What You Need To Know About IUD Mirena
Mirena is an IUD – an intrauterine device, which is a tiny, T-shaped device that is insterted into the uterus. It must be placed in the uterus by a healthcare provider such as a gynocologist or a family doctor. It works to prevent pregnancy by keeping sperm from entering the egg. It also releases hormones into the woman’s body throughout the time it is in place, which can reduce menstrual bleeding or stop it entirely. It is for this reason that the IUD Mirena is also prescribed for the treatment of heavy periods. In the first few months of taking Mirena, spotting or light bleeding is common.
The IUD Mirena is chosen by many women because it is 99% effective, can remain in place for up to five years (but can be removed at any time), and doesn’t require taking pills daily like traditional birth control pills. In fact, about 2 million women in the United States have chosen Mirena as their primary method of birth control. If inserted within 7 days after the beginning of your menstrual cycle, it is immediately effective. If it is inserted at any other time, you must use another form of contraception for 7 days, as it will then take effect. It does not protect against STDs, however, so you must keep that in mind when using the IUD Mirena. Also, you should not have Mirena inserted if you just had a baby; you should wait at least 6 weeks after giving birth.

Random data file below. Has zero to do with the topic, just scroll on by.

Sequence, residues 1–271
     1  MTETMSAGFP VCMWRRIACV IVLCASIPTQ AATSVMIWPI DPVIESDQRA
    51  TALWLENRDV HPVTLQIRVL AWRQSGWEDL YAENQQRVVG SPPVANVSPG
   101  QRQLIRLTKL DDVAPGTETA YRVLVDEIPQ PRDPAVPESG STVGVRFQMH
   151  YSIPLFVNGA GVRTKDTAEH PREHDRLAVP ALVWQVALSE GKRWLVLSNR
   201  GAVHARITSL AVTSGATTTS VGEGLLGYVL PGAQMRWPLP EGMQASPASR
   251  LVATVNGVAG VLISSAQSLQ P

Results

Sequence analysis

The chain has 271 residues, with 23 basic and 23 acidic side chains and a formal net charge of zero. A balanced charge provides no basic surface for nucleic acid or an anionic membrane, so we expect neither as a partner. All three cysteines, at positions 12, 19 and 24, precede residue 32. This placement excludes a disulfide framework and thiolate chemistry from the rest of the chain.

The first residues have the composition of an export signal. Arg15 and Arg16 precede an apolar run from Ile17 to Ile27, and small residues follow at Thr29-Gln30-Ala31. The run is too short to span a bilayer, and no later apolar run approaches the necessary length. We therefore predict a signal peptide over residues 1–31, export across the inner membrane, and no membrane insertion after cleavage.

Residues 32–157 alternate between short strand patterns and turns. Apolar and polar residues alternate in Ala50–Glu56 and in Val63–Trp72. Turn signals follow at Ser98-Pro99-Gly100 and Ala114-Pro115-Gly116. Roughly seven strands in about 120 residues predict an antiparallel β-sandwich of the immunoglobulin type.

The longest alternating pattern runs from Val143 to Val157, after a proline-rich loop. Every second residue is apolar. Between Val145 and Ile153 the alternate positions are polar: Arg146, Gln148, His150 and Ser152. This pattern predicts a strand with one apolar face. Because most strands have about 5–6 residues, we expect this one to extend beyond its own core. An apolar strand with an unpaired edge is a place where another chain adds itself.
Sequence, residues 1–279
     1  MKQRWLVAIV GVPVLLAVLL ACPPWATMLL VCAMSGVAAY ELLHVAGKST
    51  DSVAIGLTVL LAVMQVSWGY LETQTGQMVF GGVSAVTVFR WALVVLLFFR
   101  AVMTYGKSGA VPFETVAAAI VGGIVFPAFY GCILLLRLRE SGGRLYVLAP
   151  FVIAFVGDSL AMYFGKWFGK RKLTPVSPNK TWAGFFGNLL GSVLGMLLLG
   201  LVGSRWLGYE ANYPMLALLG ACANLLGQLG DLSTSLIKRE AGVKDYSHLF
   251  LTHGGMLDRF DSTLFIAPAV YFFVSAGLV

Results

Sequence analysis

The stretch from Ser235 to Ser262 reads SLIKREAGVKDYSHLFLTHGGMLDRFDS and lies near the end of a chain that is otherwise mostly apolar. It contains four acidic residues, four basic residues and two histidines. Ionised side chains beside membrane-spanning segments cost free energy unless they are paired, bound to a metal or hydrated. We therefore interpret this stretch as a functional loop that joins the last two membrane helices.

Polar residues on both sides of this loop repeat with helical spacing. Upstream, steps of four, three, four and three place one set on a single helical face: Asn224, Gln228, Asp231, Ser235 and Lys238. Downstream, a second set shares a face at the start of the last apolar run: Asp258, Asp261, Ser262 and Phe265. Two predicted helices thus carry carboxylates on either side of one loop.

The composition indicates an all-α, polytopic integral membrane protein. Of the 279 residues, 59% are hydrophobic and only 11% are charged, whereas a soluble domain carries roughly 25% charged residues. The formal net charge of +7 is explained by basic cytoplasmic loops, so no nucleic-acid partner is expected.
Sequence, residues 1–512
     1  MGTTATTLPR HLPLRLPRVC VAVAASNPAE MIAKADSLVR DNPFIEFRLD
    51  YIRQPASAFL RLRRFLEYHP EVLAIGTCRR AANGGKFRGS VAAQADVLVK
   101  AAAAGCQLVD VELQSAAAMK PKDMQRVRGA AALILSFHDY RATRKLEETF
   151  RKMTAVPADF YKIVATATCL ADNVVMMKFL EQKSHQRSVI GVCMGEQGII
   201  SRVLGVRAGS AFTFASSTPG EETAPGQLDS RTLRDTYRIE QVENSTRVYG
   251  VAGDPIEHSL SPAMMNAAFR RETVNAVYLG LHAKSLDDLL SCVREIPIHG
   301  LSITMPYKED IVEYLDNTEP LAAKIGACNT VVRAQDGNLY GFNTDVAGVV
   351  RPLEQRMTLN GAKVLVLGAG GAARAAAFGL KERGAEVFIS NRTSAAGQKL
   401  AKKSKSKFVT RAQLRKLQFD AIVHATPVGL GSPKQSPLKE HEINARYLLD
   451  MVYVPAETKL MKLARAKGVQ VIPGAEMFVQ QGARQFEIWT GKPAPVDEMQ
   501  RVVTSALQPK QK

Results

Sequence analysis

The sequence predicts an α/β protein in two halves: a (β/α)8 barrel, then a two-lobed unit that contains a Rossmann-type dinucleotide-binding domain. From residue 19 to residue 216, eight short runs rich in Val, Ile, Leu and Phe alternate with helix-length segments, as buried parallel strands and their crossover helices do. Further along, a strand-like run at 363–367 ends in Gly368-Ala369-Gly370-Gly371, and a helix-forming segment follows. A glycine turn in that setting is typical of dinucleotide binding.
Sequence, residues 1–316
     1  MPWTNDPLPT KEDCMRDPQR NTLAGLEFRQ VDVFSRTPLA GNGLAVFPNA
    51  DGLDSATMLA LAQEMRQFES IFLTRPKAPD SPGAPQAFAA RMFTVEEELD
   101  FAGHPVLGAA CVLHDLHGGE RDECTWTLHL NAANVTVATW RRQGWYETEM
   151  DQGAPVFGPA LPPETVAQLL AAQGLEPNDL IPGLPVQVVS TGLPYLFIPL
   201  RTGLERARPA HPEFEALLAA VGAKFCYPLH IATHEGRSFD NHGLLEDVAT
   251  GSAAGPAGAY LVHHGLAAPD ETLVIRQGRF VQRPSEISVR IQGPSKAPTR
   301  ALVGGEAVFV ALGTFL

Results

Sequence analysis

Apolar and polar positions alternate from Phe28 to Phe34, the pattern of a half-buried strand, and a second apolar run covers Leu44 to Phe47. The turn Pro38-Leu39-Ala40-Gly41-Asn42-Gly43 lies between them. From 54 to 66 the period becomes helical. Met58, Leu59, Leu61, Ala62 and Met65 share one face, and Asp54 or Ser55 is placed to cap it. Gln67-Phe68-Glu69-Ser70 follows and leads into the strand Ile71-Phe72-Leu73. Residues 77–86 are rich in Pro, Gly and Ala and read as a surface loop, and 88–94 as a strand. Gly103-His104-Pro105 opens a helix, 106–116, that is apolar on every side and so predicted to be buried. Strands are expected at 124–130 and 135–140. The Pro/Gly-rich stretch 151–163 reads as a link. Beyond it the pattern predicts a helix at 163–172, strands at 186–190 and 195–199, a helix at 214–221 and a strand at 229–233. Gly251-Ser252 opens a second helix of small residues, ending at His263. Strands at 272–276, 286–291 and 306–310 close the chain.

If you and your healthcare provider decide that Mirena would be an appropriate contraceptive method for you, you can expect a simple office visit. Placement usually takes only a few minutes, and some discomfort is sometimes reported. After Mirena has been inserted, your healthcare provider will make sure that it is in the correct place. Immediately after insertion, you may experience dizziness or cramps, but they go away quickly. If these symptoms last for more than 30 minutes, you should have your healthcare provider double check to see that it was inserted properly or if another IUD must be used. After insertion, if you experience severe abdominal pain, cramps, or the IUD falls out, you should contact your doctor immediately. Women who are pregnant or are prone to pelvic infections should not take Mirena. Talk to your doctor to see if Mirena could be right for you.
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